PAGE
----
Some Meditations on Action Versus Reaction

Some Meditations on Action Versus Reaction

Hiking around my new Habitat of Lantau Island last week, I realized that I am living just a few kilometers away from the Dhamma Muttā Vipassana Meditation Center.

Vipassana is an ancient Buddhist meditation technique, focused primarily on achieving happiness (an overcoming suffering) by separating awareness from all physical reactions. Today the Vipassana movement operates 177 centers (and 134 non-centers) worldwide, offering free non-secular meditation courses (the courses are financed by voluntary donations of students).

I would love to sign up for the next course intake immediately. However, Vipassana is exclusively taught in the form of a ten-day silent retreat. As intriguing as it would be to sign up right the next course intakes, my job as General Manager in a fast-paced start-up company makes it rather difficult to disappear for a full ten days, without being able to check emails, take calls or even react to text messages. Eventually, I will do the course, as I believe the underlying techniques and principles are highly useful for many aspects of life.

Human Oxygen Molecules

The truth is, almost all of us react too much to all kind of external stimuli. We get up with the best intentions, then someone cuts our line at the coffee shop, and our mood is spoiled for the rest of the day. Over and over we waste our energy reacting to things that have nothing to do with the goals we planned to achieve.

At work, we primarily spend time reducing the number of emails in our inbox, solving other people’s problems. We are like oxygen molecules, reacting to and with anything that gets close to us.

Often, we are not even aware of our reactivity; we confuse reacting with acting.

As I see it, the difference between both is much more than just a syllable. If you act, you do so self-determined, autonomously. You chose your course of action freely.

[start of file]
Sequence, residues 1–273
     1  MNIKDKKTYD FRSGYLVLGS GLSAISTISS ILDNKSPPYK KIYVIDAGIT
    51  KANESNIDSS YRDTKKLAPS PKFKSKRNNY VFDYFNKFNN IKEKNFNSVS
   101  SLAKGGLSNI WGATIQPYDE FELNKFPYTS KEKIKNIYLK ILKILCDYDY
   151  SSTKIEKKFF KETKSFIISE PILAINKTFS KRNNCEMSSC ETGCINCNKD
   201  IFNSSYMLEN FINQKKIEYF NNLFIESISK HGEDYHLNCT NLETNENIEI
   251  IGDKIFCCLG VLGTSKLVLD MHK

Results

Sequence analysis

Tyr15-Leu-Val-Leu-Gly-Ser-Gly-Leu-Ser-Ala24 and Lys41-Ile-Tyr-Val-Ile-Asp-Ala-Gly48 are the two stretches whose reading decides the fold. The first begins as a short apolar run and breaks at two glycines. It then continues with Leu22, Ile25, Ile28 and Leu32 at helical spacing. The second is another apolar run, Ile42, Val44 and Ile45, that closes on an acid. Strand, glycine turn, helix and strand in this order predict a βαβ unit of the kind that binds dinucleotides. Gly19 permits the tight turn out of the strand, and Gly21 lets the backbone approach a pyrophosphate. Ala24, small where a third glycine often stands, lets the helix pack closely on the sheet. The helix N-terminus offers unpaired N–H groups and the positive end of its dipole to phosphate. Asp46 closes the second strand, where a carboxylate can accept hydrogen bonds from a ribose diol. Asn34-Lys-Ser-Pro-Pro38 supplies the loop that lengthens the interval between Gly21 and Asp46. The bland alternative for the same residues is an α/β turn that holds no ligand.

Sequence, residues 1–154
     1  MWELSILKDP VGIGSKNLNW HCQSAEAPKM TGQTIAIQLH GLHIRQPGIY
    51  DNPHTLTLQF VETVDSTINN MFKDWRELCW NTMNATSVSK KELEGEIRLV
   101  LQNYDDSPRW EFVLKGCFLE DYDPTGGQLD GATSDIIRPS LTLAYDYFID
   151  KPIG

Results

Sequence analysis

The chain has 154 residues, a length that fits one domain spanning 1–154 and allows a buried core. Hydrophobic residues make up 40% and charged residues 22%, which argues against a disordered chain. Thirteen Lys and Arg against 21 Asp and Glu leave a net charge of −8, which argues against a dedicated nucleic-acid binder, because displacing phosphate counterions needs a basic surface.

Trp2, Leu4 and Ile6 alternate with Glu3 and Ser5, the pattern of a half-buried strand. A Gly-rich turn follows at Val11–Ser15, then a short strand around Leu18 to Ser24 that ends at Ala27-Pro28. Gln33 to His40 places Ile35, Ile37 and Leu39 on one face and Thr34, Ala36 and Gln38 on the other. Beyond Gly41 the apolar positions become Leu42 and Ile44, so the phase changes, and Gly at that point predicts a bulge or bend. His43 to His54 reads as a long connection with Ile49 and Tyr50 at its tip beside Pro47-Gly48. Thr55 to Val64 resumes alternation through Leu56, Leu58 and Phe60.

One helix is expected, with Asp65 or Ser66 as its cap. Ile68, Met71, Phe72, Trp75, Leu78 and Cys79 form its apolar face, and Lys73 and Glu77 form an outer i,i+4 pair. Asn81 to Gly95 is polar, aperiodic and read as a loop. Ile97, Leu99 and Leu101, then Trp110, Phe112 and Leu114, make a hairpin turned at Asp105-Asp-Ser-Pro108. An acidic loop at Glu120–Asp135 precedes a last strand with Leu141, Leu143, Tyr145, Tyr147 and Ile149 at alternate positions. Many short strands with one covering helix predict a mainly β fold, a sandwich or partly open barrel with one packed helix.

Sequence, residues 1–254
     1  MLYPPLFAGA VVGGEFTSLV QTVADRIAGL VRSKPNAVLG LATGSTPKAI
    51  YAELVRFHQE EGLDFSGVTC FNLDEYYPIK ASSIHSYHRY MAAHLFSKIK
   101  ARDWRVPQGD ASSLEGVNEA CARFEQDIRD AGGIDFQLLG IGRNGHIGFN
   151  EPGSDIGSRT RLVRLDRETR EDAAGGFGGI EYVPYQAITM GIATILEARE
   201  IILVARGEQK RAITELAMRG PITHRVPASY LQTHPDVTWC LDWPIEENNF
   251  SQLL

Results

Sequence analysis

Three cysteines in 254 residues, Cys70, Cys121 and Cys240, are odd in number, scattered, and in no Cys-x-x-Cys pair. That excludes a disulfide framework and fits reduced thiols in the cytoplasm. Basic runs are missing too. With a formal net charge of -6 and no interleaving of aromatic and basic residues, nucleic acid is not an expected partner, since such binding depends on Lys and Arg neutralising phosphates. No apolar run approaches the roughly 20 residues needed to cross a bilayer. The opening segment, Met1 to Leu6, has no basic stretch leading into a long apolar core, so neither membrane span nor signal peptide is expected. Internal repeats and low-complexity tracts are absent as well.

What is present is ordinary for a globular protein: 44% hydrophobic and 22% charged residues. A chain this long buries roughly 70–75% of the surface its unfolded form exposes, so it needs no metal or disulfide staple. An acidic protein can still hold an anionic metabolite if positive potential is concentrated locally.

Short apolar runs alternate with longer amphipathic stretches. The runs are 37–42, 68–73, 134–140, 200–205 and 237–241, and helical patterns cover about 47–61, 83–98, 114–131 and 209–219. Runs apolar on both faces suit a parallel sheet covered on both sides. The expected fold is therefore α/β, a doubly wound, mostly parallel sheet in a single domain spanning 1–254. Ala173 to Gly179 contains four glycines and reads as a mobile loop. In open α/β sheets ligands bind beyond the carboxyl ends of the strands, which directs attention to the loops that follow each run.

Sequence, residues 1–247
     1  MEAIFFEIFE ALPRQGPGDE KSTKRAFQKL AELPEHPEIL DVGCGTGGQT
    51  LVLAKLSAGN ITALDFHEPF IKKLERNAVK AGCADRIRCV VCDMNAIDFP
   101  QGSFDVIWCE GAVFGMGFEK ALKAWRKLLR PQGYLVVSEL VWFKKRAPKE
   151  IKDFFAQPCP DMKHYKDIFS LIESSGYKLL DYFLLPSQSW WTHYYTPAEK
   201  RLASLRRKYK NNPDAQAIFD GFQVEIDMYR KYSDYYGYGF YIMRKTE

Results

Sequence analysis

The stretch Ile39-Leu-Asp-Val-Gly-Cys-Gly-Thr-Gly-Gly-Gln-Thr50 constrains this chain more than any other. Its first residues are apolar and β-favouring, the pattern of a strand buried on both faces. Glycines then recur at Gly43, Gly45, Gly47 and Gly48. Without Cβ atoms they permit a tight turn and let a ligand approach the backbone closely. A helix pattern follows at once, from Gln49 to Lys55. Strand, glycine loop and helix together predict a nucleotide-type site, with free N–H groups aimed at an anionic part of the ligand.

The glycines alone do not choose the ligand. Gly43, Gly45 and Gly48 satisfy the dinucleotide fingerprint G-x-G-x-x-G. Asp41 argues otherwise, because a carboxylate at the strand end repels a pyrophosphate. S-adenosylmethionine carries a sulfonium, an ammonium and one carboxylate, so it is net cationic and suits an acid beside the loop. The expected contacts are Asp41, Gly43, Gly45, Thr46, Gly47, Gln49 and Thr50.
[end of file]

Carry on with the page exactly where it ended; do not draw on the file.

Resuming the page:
If you react, your hand is forced by somebody else.

There are situations, where reacting fast is highly beneficial. Even an advanced meditation practitioner might want to duck his head under a surprise sucker punch coming his way. But if your whole life is mainly determined by reacting, you will get tossed around like boat without a rudder in big waves: You might stay afloat, but very unlikely reach your destination.

If you want to be successful in life and career, you need to learn to separate observation from reacting to it. Observe, analyze, plan and then act. Often the need to react can be preempted by thorough planning. If your plan was good and you anticipated potential problems and countermeasures, you can stay on course, even in the face of strong headwinds.

Overly Agile Companies

The Vipassana principles do not just apply to natural persons. Especially companies are prone to overreacting.

In today’s fast-paced business world, every company prides itself in being agile and able to react fast to changing environments. However, it is simply impossible to run a company efficiently, that changes course on every single customer feedback or tries to chase every trend. A company that only reacts and never acts will likely burn through a lot of employees and possibly not reach its full potential.

Maybe Vipassana courses for entire companies would be the way to go?

 If you have the luxury of being able to escape all professional and private responsibilities for ten days and you feel sane and fit enough to spend ten days in silent meditation, I would highly recommend considering a Vipassana course.

If this is not an option for you, maybe you should at least ask yourself honestly and on a regular base:

“Am I acting or just reacting?”

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